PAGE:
Simple actions is a pattern that houses actions for the objects in the current view (tile view, list view etc). These actions can apply to all of the objects in the view or a subset of them. Simple actions is often displayed as part of the Data Toolbar.


A successful design for this pattern…


  • Enable users to perform actions on one or many objects.
  • Contain a list of all possible actions within the current context


  • Smoothly accommodate multiple window sizes
  • Scale to large numbers of actions without clutter
  • Allow for logical groups of actions


  • Offer a mobile friendly configuration that does not rely on hovering to function correctly

Conceptual Design + Description

simple actions 1

  1. Primary Action buttons: These buttons contain the most frequently used and most important actions for the current view arranged with the most common actions on the left. When possible, at least one primary action should be visible at all times.
  2. More actions: Less commonly used actions should be placed within this menu. As a window gets smaller, primary actions can be moved into the more actions menu in order to conserve space. The click/touch target for the more actions button must be at least as wide as the icon is tall, even though it might not be visible.

more actions menu

a. Actions in categories are listed individually if there are 15 or fewer items in the list.

b. If the more actions menu holds more than 15 items, categories of actions are collapsed and become flyout menus. The flyout should not require the user to click, and should appear when hovering over the category name.

c. On mobile devices, all actions are collapsed into the menu. Categories become accordions that expand and collapse when tapped.

What’s not covered in the current design

  • Rules pertaining to icon use
  • Rules about action names

Next Steps

After review, this pattern will be moving into the final design phase. High-fidelity visual assets and examples in context will be created, and the revised, polished design will be posted.

Voice your opinion! Comment on this post with thoughts, suggestions, or requirements that we may have overlooked. Any and all feedback is helpful to us as we refine the design in the next stage of the process. Thanks!




More actions menu button – fa-ellipsis-v from Font Awesome.

Current angular implementation –


Posted by & filed under Data Visualization.


Bar charts are used to visualize quantitative data. Since bar charts differentiate by length, we recommend that in most cases they be used rather than donut or pie charts, which differentiate by angle and area.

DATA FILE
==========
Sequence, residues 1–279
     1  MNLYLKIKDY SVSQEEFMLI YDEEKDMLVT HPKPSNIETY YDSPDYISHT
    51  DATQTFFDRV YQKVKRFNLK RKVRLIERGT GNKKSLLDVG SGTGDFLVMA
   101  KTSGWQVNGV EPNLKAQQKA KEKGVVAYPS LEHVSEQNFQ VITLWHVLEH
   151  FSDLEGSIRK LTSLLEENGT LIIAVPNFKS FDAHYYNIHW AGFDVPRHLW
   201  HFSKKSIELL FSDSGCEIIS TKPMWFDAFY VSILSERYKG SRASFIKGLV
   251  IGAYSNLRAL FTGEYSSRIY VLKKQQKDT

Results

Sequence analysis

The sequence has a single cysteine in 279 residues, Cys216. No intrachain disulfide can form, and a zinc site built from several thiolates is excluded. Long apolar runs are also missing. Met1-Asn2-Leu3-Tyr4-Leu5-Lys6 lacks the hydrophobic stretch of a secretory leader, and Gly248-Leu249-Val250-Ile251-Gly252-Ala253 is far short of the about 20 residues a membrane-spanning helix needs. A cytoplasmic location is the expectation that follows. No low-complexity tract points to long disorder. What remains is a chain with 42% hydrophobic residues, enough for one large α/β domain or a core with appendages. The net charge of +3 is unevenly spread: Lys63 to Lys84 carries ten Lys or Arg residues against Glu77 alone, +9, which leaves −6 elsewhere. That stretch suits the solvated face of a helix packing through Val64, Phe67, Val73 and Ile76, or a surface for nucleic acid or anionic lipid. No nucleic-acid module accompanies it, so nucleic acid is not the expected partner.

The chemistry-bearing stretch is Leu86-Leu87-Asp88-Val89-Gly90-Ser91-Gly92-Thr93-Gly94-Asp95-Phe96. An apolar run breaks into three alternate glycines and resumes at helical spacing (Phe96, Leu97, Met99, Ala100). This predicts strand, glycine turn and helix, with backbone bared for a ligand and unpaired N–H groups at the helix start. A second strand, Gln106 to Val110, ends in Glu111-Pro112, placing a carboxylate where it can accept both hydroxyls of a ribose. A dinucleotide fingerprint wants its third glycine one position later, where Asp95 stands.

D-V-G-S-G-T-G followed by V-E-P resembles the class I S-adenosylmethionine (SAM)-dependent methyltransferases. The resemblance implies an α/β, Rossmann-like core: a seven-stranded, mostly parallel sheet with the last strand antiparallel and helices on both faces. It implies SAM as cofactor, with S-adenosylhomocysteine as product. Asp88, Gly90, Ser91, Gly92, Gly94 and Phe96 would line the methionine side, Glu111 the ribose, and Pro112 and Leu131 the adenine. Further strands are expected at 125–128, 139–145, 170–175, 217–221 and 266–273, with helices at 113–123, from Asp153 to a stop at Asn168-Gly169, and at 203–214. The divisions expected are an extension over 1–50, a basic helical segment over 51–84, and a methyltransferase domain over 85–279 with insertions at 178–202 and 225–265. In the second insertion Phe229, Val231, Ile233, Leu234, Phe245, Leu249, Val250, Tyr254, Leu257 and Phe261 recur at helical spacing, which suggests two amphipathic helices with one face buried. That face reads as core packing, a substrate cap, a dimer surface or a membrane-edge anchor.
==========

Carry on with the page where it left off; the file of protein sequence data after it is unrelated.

Vertical Bar Chart
The most common use case for vertical charts is to show data changes over a period of time or for illustrating comparisons among items. In vertical charts, the x-axis represents category or time and the y-axis represents the value.


Grouped Vertical Charts

The most common use case for grouped charts is to show information about different sub-groups of main categories. The x-axis of grouped vertical charts represents sub-group or time and the y-axis represents the value.

Grouped Vertical

Horizontal Bar Chart
Use a horizontal bar chart if time is not represented by an axis and if either of the following conditions exist:
A ranking in descending order is the relationship being conveyed
The labels for the categorical subdivisions don’t fit side by side
In horizontal bar charts, the x-axis represents the value and the y-axis represents the category.


Grouped Horizontal Charts

The most common use case for grouped charts is to show information about different sub-groups of main categories. The x-axis of grouped vertical charts represents the value and the y-axis represents the sub-group.

Grouped Horizontal


The following components make up a bar chart

  1. Axis Labels:
    • For vertical charts:
      • Horizontal axis labels display the series names and are recommended, but can be omitted if necessary due to space constraints and responsiveness. If omitted a legend must be available.
      • Vertical axis labels display values
    • For horizontal charts:
      • Vertical axis labels display the series names and are recommended, but can be omitted if necessary due to space constraints and responsiveness. If omitted a legend must be available.
      • Horizontal axis labels display values
  2. Axis Tick Marks (optional):
    • There can be both major and minor tick marks on the vertical axis of vertical charts. Tick marks are not needed on the horizontal axis of vertical charts since the horizontal axis of a vertical bar chart is not a quantitative scale line.
    • There can be both major and minor tick marks on the horizontal axis of horizontal bar charts. Tick marks are not needed on the vertical axis of horizontal charts since the vertical axis of a horizontal bar chart is not a quantitative scale line.
  3. Grid Lines (optional):
    • Horizontal grid lines are suggested for vertical charts, but should not be used with horizontal bar charts.